7. Scurvy; paltry; as, scald rhymers.

    [Obs.] Shak.

    Scald crow (Zoöl.), the hooded crow. [Ireland] -- Scald head (Med.), a name popularly given to several diseases of the scalp characterized by pustules (the dried discharge of which forms scales) and by falling out of the hair.

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Scald

SCALD, verb transitive [Latin caleo, caida, calidus. I suppose the primary sense of caleo is to contract, to draw, to make hard.]

1. To burn or painfully affect and injure by immersion in or contact with a liquor of a boiling heat, or a heat approaching it; as, to scald the hand or foot. We scald the part, when the heat of the liquor applied is so violent as to injure the skin and flesh. scald is sometimes used to express the effect of the heat of other substances than liquids.

Here the blue flames of scalding brimstone fall.

2. To expose to a boiling or violent heat over a fire, or in water or other liquor; as, to scald meat or milk.

SCALD, noun [supra.] A burn, or injury to the skin and flesh by hot liquor.

SCALD, noun Scab; scurf on the head.

SCALD, adjective Scurvy; paltry; poor; as scald rhymers.

SCALD, noun

Among the ancient Scandinavians, a poet; one whose occupation was to compose poems in honor of distinguished men and their achievements, and to recite and sing them on public occasions. The scalds of Denmark and Sweden answered to the bards of the Britons or Celts.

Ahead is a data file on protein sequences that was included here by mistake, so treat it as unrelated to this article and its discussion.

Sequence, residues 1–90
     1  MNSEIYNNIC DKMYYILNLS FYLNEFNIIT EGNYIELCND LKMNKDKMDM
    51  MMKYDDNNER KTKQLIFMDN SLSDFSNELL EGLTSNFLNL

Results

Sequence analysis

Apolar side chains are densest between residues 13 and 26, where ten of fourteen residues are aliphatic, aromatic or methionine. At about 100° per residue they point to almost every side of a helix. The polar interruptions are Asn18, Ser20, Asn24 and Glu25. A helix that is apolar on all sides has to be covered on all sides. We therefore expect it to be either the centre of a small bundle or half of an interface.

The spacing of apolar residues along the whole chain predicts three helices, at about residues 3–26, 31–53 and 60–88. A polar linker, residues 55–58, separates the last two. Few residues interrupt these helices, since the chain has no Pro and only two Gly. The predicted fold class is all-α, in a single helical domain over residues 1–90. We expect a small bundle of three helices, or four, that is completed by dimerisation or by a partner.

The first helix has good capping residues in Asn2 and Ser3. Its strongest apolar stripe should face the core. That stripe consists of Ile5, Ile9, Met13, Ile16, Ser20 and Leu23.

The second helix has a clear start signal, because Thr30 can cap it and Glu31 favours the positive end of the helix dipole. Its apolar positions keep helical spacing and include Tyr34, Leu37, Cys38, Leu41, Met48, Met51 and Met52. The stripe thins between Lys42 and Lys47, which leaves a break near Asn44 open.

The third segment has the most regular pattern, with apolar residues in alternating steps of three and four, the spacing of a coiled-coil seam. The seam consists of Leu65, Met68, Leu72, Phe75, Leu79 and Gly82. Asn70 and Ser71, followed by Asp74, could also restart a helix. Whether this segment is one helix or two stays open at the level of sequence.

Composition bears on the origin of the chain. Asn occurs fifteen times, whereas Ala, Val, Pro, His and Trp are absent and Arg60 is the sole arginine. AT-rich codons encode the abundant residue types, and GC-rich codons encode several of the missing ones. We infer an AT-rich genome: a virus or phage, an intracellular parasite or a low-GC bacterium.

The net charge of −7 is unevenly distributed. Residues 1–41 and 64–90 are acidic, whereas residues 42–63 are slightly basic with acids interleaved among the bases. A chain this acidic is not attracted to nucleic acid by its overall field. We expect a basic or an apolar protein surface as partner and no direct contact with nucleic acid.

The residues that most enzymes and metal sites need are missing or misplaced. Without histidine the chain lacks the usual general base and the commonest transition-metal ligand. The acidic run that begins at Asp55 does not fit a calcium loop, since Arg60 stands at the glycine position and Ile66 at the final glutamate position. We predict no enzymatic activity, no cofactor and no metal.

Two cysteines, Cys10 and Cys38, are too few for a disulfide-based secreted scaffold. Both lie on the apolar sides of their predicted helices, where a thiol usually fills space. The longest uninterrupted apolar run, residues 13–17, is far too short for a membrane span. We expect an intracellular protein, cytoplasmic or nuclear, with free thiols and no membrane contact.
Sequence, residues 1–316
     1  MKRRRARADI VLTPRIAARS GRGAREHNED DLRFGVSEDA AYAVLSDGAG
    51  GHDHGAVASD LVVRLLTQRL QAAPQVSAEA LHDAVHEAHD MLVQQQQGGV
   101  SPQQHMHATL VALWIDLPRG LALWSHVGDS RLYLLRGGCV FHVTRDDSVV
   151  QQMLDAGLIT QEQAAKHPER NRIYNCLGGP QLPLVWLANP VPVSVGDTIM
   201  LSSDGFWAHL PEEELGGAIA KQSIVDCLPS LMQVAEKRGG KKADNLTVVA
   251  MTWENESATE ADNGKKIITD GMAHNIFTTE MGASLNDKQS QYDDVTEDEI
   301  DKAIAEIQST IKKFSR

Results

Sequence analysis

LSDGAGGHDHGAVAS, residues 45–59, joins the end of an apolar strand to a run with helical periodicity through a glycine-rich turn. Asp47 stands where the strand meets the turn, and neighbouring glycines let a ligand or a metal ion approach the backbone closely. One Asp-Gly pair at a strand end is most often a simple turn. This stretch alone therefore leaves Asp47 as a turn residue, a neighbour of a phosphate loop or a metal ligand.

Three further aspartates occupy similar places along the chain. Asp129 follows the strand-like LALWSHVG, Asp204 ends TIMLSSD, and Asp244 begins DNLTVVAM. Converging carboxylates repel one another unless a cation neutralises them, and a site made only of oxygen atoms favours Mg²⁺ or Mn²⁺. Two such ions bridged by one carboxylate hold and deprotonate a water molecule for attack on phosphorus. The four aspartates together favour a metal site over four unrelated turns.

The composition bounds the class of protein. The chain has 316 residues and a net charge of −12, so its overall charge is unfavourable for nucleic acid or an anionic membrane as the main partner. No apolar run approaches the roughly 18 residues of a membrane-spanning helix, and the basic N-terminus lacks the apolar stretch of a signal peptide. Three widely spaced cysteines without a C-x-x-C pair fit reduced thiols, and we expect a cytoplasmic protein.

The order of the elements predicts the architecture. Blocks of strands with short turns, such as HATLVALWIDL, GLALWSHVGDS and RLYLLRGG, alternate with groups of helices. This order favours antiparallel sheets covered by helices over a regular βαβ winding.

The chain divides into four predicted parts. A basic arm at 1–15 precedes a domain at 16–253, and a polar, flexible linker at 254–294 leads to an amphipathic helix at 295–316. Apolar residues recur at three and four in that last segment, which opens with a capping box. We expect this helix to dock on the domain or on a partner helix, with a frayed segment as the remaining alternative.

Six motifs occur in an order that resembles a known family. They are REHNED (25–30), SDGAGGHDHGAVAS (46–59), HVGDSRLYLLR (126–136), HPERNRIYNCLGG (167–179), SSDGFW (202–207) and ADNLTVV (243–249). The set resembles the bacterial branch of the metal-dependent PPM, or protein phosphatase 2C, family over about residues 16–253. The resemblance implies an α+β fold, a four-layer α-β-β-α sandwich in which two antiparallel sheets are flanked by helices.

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It is important to me because I like to know the original intent of words especially when I read and study the Bible and U.S. History.

— Deborah (Kathleen, GA)

Word of the Day

importance

IMPORT'ANCE, n.

1. Weight; consequence; a bearing on some interest; that quality of any thing by which it may affect a measure, interest or result. The education of youth is of great importance to a free government. A religious education is of infinite importance to every human being.

2. Weight or consequence in the scale of being.

Thy own importance know.

Nor bound thy narrow views to things below.

3. Weight or consequence in self-estimation.

He believes himself a man of importance.

4. Thing implied; matter; subject; importunity. [In these senses, obsolete.]

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FAL'CONER, n. A person who breeds and trains hawks for taking wild fowls; one who follows the sport of fowling with hawks.